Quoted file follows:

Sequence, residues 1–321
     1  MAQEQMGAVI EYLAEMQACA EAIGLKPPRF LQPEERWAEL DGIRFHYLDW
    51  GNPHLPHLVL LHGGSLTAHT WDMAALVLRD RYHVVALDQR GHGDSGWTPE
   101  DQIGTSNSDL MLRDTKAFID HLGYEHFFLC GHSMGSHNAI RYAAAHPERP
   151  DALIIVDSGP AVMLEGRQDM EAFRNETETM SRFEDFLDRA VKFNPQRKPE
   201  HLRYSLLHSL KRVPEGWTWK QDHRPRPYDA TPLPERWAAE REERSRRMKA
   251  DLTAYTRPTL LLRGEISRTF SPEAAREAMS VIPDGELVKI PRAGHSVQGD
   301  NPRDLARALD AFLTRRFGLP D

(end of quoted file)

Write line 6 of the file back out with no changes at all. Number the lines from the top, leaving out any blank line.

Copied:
   201  HLRYSLLHSL KRVPEGWTWK QDHRPRPYDA TPLPERWAAE REERSRRMKA